The city has grown and prospered as a resort where the queen and other celebrities used to vacation. It has beautiful architecture, it’s very clean, there’s an old town, and there are beaches. In the summer, there are likely many tourists, and accommodation prices skyrocket. In the winter, prices are much more reasonable, and you can find a good room for 50-60€ (on weekdays; on weekends, prices are twice as high). However, not all hotels have parking, but many offer discounts and have agreements with public parking lots. For example, we paid only 18€ instead of the usual 25€ for parking, but it’s still not cheap.
The city is just amazing — clean, cozy, and beautiful. It has beautiful architecture that in many ways reminds me of France (Biarritz is only a few dozen kilometers away). It’s very clean, and the locals welcome tourists with smiles.
By the way, in San Sebastian, there are many restaurants recommended in the Michelin Guide, and there are Michelin-starred restaurants as well.
Now, about the bars and pintxos. Pintxos are snacks that are sold individually. In the bar we really liked — Casa Alcalde, there are 60 different types of these snacks to choose from. Here you can order omelets, shrimp, ham, mussels, and much more. There are different price categories ranging from 2.5€ to 5.5€. Our bill was 77€ including tips. We had 4 beers, 4 glasses of local wine — Chacoli. This is a special wine that is poured by holding the bottle high to create a long stream. It’s slightly acidic and slightly sparkling, and it goes down very easily, but it should not be underestimated. We also ordered 13 sandwiches.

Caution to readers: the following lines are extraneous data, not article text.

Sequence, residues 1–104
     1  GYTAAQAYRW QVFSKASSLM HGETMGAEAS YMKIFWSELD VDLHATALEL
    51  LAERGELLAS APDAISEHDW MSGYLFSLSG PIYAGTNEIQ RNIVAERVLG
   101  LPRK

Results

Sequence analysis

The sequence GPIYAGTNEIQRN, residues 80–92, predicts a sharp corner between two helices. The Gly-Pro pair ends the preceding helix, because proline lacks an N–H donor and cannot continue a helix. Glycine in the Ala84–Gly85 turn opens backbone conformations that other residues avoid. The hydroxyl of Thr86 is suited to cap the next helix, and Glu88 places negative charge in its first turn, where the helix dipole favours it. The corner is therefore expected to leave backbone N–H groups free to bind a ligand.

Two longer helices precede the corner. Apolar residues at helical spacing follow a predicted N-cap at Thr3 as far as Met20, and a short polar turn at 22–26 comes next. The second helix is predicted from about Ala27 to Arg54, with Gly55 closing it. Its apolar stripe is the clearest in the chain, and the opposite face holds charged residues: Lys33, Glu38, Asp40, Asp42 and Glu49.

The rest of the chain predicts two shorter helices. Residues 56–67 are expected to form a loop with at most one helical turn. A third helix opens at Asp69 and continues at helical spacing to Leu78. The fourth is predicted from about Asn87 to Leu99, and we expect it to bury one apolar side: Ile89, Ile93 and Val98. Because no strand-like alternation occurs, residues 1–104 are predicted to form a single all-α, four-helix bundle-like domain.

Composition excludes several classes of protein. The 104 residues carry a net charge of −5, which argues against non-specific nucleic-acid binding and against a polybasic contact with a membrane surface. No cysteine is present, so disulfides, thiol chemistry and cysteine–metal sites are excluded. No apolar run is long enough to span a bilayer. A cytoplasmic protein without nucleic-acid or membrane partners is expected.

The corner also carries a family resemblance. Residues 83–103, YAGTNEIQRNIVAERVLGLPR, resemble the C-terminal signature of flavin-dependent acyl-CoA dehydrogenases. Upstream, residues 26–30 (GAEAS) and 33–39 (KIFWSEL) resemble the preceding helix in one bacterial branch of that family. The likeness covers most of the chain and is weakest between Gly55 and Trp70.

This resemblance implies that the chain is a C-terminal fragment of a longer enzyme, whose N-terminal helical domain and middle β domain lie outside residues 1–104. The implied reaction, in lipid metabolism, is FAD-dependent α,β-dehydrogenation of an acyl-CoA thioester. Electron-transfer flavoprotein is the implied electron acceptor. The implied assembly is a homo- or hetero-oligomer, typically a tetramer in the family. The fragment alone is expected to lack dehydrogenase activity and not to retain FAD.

We noticed an interesting detail — when someone gives a tip, they ring a bell. Perhaps this is some form of support for the staff.
Oyster Bar Kamal Ostrería Donostiarra
Later, we stumbled upon a place that offered oysters. I have a complex relationship with them. I tried oysters for the first time when I was 30, and the first oyster I tried was bitter and repulsive. The next year, I decided to give them a second chance, but the taste was still very sharp and metallic. In the summer in Portugal, I decided to try oysters again, and this time I really liked them. So, I decided to give them another chance, and they turned out to be delightful.